The Empty Chair
"No. I was not expecting you," said Bob. "Who are you?".
"I'm the new minister at your church," he replied. "When I saw the empty chair, I figured you knew I was going to show up."
"Oh yeah, the chair," said the bedridden man. "Would you mind closing the door?"
Puzzled, Pastor James shut the door.
"I have never told anyone this, not even my daughter," said the man. "But all of my life I have never known how to pray. At church I used to hear the pastor talk about prayer, but it went right over my head. I abandoned any attempt at prayer," the old man continued, "until one day about four years ago my best friend said to me, 'Bob, prayer is just a simple matter of having a conversation with Jesus.'
'Here is what I suggest. Sit down in a chair; place an empty chair in front of you, and in faith see Jesus on the chair. It's not spooky because he promised, 'I'll be with you always.' Then just speak to him and listen in the same way you're doing with me right now.'
So, I tried it and I've liked it so much that I do it a couple of hours every day. I'm careful though. If my daughter saw me talking to an empty chair she'd either have a nervous breakdown or send me off to the funny farm."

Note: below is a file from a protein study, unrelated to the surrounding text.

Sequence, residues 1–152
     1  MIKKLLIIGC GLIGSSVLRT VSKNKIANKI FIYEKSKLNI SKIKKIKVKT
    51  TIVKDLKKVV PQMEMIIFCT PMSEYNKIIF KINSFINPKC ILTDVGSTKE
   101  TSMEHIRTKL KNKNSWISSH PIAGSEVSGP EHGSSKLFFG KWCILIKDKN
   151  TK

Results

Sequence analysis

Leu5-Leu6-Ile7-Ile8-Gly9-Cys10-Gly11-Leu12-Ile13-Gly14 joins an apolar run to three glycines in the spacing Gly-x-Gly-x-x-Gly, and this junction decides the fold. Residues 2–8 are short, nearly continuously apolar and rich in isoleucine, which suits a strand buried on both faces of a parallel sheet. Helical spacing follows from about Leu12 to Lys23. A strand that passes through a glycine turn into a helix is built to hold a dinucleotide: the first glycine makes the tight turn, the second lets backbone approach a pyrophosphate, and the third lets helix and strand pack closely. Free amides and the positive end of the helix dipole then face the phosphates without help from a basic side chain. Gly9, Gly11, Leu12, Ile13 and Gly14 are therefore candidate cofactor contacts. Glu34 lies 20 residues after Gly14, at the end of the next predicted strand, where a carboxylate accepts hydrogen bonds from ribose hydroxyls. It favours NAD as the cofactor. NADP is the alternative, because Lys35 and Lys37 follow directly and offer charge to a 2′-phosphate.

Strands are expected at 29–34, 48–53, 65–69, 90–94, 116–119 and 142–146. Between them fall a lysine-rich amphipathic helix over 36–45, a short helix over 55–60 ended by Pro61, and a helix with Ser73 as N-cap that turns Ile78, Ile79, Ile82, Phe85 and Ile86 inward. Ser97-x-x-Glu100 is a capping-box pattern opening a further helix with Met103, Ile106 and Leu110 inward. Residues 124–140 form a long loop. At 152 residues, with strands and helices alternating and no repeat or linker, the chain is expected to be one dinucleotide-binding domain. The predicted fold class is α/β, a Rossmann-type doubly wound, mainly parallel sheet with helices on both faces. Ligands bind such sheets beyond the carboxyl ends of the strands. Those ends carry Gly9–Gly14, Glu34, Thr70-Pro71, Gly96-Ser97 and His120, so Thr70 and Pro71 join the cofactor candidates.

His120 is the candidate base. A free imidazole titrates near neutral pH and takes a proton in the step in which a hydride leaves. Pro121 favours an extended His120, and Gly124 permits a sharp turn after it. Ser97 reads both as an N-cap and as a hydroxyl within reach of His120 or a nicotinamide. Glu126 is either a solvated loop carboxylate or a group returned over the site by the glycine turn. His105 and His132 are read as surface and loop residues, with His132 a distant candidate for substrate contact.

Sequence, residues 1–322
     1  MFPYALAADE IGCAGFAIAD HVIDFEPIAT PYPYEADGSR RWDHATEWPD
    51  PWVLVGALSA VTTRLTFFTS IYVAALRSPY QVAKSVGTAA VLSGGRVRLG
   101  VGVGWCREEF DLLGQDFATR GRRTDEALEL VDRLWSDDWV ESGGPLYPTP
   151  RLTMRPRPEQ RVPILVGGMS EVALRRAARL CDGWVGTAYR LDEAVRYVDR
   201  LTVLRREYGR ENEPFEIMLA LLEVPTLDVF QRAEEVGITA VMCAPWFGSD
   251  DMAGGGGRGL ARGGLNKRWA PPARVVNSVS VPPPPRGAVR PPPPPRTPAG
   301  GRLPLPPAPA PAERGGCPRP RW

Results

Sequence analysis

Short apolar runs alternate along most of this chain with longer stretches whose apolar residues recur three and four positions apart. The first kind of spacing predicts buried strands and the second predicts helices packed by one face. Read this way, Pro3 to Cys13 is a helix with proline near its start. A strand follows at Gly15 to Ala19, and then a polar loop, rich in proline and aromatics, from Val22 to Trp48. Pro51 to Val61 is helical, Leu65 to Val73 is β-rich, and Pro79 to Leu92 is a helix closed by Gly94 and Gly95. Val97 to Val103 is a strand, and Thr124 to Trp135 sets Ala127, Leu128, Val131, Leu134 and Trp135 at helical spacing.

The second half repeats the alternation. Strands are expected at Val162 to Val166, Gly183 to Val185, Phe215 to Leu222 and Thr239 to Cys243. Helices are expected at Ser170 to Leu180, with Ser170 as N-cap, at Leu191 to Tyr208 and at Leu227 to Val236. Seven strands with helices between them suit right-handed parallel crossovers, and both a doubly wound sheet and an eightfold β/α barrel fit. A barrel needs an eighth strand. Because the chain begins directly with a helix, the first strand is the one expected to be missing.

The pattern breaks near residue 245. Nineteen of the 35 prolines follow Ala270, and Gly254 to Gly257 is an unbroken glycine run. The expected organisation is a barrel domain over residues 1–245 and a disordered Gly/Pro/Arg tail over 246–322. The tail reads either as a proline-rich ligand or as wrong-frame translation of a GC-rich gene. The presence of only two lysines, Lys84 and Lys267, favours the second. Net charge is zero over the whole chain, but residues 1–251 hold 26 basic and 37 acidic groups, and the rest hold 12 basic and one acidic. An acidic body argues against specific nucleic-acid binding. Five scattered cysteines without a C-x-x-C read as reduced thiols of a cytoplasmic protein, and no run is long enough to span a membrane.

James was deeply moved by the story and encouraged the old guy to continue on the journey. Then he prayed with Bob, anointed him with oil, and returned to the church.
Two nights later the daughter called to tell the pastor that her daddy had died that afternoon.
"Did he die in peace?" he asked.
"Yes, when I left the house about two o'clock, he called me over to his bedside, told me he loved me and kissed me on the cheek. When I got back from the store an hour later I found him dead. But there was something strange about his death. Apparently, just before Daddy died, he leaned over and rested his head on the chair beside the bed. What do you make of that?"
Pastor James wiped a tear from his eye and said, "I wish we all could go like that."
We live by faith, not by sight.
- - - 2 Corinthians 5:7 - - -
Posted on Sun, April 26, 2020
by Ken Hart